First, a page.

Know how to pitch. When you understand and master the pitch, you’ll get onto more stages, which in turn will give you the confidence to become fearless each time you pitch. Start with the idea and why you are the right person to take the stage and deliver this big idea. While it must be a big idea, you need to be able to communicate it in 15 words or less. Organizers are busy, and they don’t have time to read through lengthy pitches. Share what the audience will take away, as well as the global impact of the talk. Don’t save the most important part of your pitch for the end; people may stop reading before they ever get to it, landing you in the “no” pile. And don’t try to sell your book or business in a pitch for a speaking gig. If you want to sell from the stage, that conversation happens after you book the gig. Seventy-five percent of the potential speakers who apply to my events, including TEDxLincolnSquare, The Speaker Salon, and currently Speakers Who Dare, end up pitching their business. That’s a lot of people who do not understand the art of a pitch, and who subsequently end up in the no pile.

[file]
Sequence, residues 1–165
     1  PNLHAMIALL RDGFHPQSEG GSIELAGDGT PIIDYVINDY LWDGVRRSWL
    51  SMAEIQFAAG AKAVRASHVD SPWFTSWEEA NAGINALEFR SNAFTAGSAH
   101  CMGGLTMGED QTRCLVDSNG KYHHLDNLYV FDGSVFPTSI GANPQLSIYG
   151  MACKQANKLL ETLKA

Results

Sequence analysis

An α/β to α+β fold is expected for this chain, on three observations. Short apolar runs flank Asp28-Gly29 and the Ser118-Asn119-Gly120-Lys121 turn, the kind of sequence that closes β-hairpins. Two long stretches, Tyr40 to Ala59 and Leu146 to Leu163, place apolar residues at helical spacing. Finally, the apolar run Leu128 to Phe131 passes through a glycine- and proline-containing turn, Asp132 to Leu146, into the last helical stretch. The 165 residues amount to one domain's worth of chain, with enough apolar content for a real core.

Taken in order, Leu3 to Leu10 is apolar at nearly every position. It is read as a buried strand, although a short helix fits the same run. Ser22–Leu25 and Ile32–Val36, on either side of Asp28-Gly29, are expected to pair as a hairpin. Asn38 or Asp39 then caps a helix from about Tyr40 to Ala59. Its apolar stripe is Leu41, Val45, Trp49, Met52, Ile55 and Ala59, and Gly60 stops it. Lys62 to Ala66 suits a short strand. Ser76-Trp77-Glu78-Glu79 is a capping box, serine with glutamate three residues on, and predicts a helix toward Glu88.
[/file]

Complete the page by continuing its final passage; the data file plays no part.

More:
This reminds me of the The Eight-Word Mission Statement blog with a similar theme — make sure you can explain your mission, or your pitch, in a sentence or two.